HARRISON, AR - A state Game and Fish Commission official says elk don't care whose land they graze on, but there are ways to reduce the impact of the large creatures on pastureland and crops, and on the fences that can fall if they get in the way of the elk.
The elk that populate the northern Arkansas Ozarks, thanks to a reintroduction program 26 years ago, are drawing complaints from some farmers. The elk now number about 450, mostly in the valleys of the Buffalo National River and surrounding areas. Farmers say the elk are eating hay awaiting harvest and tearing down fences as they run through the fields.
David Goad, a deputy director at the Arkansas Game and Fish Commission, concedes that the elk do move around within the territory they occupy. As he put it, political boundaries don't mean a whole lot to them and they kind of go where they want to go.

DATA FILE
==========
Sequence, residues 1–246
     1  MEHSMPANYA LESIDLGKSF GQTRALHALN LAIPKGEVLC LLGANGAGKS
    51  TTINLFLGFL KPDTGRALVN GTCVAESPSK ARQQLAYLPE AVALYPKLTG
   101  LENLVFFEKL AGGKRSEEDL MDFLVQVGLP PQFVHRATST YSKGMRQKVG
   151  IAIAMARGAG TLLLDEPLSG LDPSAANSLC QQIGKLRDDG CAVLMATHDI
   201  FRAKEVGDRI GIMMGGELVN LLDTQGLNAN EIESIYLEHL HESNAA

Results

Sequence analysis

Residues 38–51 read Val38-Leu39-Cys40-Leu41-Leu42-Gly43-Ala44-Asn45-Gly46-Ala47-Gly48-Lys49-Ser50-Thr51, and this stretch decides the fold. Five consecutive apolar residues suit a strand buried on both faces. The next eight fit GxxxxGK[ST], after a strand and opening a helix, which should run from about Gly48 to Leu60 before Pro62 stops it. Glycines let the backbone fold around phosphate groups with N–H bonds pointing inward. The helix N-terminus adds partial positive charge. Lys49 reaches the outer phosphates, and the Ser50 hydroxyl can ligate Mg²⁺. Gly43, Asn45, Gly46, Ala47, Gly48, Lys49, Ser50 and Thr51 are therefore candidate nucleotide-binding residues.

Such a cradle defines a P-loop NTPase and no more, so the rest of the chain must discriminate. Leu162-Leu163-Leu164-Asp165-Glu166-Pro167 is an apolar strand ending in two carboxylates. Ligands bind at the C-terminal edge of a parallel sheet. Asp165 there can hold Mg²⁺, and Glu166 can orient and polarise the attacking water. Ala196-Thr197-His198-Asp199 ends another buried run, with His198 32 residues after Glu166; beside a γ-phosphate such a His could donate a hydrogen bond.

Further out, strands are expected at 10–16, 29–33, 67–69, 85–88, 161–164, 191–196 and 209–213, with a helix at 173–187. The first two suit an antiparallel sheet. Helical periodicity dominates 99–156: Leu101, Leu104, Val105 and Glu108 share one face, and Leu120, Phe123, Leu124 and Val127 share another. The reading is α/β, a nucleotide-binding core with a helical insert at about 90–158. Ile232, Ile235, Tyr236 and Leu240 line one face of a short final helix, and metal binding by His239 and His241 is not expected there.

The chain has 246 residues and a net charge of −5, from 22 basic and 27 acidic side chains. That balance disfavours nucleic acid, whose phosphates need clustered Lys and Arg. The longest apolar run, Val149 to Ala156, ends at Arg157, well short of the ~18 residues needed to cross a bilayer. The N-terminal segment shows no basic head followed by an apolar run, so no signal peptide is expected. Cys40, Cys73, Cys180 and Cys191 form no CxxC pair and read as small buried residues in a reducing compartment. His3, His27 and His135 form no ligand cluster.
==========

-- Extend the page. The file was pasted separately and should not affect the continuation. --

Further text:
Goad said a new plan being discussed by the commission would address the concerns of private landowners over the elk. But he stressed that simply paying landowners wouldn't be the solution. He suggested putting small pieces of PVC pipe atop barbed wire fencing, so elk could see them and know to clear the line when jumping over it. Goad also suggested farmers could shoot rubber buckshot at the elk, which he said has had some success on driving away bears.